This led to several arguments between European nations. For example: the Germans and French argued about Morocco in 1906-1911. Scramble for Africa 1914 - 1918 World War I Muddy Trenches Conditions were horrible with disease, flies, lice,
frogs, and rats even the size of cats.
There were generally four main lines of trenches with soldiers being rotated on duty between the four main trenches.
The area between the trenches was called ‘no man’s land’.
In the first five months of the war, both sides lost nearly a million men with very little movement. Trench Warfare The Archduke and his wife leaving city hall
Austria-Hungary blamed Serbia for the assassination of the Archduke Francis Ferdinand
July 28, 1914 – Austria-Hungary declares war on Serbia
Russia had a treaty with Serbia and was obligated to protect it when Austria-Hungary declared war
France was dragged into war because they had a treaty with Russia
Great Britain entered when Germany invaded Belgium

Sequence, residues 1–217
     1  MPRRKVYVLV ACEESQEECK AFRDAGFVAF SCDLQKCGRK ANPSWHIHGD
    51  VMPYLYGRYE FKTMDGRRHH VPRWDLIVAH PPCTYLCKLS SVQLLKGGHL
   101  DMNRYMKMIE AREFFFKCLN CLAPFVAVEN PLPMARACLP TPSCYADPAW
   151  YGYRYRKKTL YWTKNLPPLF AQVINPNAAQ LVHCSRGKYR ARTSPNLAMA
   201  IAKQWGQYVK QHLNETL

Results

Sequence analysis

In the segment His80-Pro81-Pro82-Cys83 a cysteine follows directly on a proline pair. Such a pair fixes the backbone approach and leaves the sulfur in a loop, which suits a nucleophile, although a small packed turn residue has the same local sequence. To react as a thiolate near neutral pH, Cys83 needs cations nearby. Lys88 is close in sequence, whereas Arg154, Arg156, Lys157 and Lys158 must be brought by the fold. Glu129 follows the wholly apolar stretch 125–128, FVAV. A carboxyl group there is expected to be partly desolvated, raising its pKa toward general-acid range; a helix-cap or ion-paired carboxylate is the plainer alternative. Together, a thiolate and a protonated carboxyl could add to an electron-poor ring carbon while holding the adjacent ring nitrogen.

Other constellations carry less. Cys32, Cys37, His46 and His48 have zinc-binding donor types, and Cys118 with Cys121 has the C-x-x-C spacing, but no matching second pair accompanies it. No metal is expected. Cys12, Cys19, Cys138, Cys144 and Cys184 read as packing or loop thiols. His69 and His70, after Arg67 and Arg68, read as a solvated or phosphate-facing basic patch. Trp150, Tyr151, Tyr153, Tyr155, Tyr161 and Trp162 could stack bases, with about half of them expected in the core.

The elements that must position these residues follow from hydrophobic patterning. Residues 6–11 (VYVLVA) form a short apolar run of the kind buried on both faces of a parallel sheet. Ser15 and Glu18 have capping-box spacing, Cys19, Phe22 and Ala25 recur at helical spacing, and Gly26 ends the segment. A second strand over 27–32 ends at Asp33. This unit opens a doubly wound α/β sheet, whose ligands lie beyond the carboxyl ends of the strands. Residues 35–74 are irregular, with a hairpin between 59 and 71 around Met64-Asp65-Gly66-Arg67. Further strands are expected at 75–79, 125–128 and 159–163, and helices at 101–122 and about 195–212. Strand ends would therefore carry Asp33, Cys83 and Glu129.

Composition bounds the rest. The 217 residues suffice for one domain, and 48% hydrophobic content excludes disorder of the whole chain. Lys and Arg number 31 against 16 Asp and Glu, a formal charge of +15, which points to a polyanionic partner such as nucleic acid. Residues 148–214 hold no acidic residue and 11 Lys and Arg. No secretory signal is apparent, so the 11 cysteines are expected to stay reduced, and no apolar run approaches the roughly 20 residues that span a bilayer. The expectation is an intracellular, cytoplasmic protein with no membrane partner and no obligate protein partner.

Serbia later became part of Yugoslavia The assassination triggered a web of alliances that led to all of Europe being dragged into the conflict World War I began in 1914 after Austrian prince Franz Ferdinand was assassinated in Sarajevo, capital of Bosnia The Spark Peoples such as the Czechs, the Serbs, the Bosnians and the Poles all wanted the right of self-determination, which meant they want to be an independent nation. The Austro-Hungarian Empire made up much of southeast Europe and was made up of many different nationalities. Nationalism Causes of World War I Militarism – nations competed to build the strongest armies and navies. This led to the armies of Germany, Austria-Hungary, France and Russia to double in size. Europe’s major countries were obsessed with building up their armies and navies to have a better one than their rivals. Causes of World War I President William H. Taft’s policy of influencing foreign nations through American economic force rather than military force U.S. operations in Latin America went from "warlike and political" to "peaceful and economic" Taft’s Dollar Diplomacy The British King, George V